In our 24/7 world, the consumer never sleeps, and nor should your marketing. In this blog, we explore what real-time marketing is and why businesses need to take advantage.
What is real-time marketing?
Real-time marketing (RTM) is the ability for brands to engage with consumers based on real-time information, such as their behaviour and actions on a website, changes to their data, or even external events and breaking news. Flexibility and reactivity are the main benefits, allowing businesses to break the shackles and truly respond to consumer needs and wants.
– Triggered emails (emails that send when users take a specific action)
– Social media engagement (customer service responses)
– Coverage for breaking social media events (for example, #thedress)
– Live event promotion (tradeshow or conference coverage)
– Location-based deals (deals that appear when a user is at a specific location)
Wayin recently undertook a study of 200 marketing professionals currently engaging in real-time marketing activities in order to ‘drive home the understanding that effective real-time marketing cannot consist of a string of sporadic actions. Instead it requires a carefully planned strategy with the resources to discover the right trends, audiences and content and target them with meaningful marketing experiences at the right time.’
Real-time marketing budgets are on the rise
Each brand may have a different set of goals and objectives that they hope to achieve through their real-time marketing activities. A Wayin study of 200 marketing professionals currently engaged in RTM activities focused on the reasons why brands invest in RTM, revealing that forming customer relationships, promoting events, and complementing existing content are the three most prominent reasons.
Real-Time Marketing is not just about directly generating revenue, but building a bridge with the consumer through appealing to what matters to them right now. For that reason, it’s no surprise that the Wayin study also revealed that 59% of the surveyed marketers plan to increase their budgets for real-time marketing activities in the next year, with 66% indicating that they plan to increase the social media budget, with it being the prioritised marketing channel for their real-time activities.
Challenges of real-time marketing
There are numerous obstacles brands face when undertaking real-time marketing activities. With customers more open to providing personal information online, the pressure is on for brands to provide a more personalised experience. A study by Janrain discovered that customers have a tendency to lose interest when presented with content that isn’t relevant to them, so delivering the right message, to the right person, at the right time is integral.
Wayin’s study also looked at challenges when implementing real-time marketing via social media, with the majority of marketers citing limited budget and lack of flexibility by staff to react quickly enough as the top two challenges they face.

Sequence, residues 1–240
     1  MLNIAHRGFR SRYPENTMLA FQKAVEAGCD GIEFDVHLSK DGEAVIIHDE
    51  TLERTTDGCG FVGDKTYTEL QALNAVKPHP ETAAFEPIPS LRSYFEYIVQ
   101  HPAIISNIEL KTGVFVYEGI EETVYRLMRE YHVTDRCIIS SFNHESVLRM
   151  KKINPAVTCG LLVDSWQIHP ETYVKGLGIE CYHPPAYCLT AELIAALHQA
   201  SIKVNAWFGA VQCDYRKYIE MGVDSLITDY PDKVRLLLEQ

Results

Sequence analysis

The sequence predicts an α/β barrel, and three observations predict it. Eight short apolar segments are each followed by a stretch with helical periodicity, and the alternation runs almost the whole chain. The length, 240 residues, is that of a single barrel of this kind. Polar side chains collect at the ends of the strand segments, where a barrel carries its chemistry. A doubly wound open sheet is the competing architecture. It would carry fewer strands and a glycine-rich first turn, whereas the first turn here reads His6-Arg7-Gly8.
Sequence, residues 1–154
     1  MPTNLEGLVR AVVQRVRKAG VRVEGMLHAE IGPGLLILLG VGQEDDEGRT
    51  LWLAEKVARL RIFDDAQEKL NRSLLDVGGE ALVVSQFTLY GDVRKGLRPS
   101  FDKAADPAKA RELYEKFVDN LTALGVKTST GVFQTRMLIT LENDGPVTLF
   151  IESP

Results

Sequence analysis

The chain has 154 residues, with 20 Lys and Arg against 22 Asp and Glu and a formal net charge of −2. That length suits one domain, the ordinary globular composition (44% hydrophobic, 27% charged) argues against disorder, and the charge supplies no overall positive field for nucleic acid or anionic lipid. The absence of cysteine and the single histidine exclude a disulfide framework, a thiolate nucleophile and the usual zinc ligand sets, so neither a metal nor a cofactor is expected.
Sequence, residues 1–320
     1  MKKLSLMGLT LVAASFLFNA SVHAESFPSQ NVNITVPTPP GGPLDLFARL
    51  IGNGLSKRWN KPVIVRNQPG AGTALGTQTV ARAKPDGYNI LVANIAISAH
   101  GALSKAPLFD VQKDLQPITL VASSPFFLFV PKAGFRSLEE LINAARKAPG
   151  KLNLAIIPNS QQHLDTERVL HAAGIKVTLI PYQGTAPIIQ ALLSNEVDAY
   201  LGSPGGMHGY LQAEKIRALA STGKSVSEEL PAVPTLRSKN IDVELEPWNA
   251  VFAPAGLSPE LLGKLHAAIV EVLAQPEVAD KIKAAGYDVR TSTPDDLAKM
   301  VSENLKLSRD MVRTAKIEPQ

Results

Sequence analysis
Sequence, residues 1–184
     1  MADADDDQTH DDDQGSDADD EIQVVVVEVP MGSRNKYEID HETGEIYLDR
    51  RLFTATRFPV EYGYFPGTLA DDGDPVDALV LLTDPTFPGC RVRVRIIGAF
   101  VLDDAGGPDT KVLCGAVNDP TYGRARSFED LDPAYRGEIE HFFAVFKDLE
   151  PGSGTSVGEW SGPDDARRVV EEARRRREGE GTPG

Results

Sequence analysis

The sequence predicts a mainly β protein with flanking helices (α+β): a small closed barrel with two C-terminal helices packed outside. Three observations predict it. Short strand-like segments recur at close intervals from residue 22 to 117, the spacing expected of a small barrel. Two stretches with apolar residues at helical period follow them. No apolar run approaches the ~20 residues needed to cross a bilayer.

Gathering this information in a cost and time efficient manner and acting on it with confidence is clearly a key problem for marketers dealing in the RTM arena.
Real-Time Marketing Best in Class
One company that effectively used its data to provide real-time marketing is Google, who performed a RTM promotion during the 2015 Oscars. The objective of the campaign was to promote the brand’s Google Play platform by providing links to users who could then purchase the winning movie’s moments after the winner had been announced.
Google had launched a similar campaign previously with Nike for the 2014 World Cup, however this was the first time the search engine giant used data to promote its own product. The campaign was based on past search trends with data showing users would look up stars or movies during previous awards shows, with interest in the winners only lasting about 15 minutes.
After each major award was announced, Google Play served a customised congratulatory ad, and within 15 minutes it was on to the next real-time ad for the next winner.
Real-time marketing via social media can vary, from answering customer queries to promoting the brand via an external event, such as the Royal Baby or the 2013 Super Bowl blackout. These are two examples of external events that require two different approaches to real-time marketing. The birth of the Royal Baby is an event that can be planned for well ahead of time, but can be published on the actual day of the birth, giving the impression of real-time marketing.
The infamous 2013 third quarter Super Bowl blackout gained more awareness for the Oreo brand than the television advert the brand paid a substantial amount of money to run during the game. By jumping onto a spontaneous external event with a clever promotion that was still in-keeping with the brand tone of voice, Oreo gained a vast amount of publicity and helped own a moment they had to real right to simply through their rapid response.
With focus being placed on building customer relationships and understanding the forever evolving customer expectations, it’s becoming more and more important for brands to recognise that real-time marketing is becoming a more valuable marketing channel that cannot afford to be ignored. Now is a perfect time to take advantage of real-time marketing in order to spark and engage in conversations, which will lead to relationship building and deeper brand loyalty.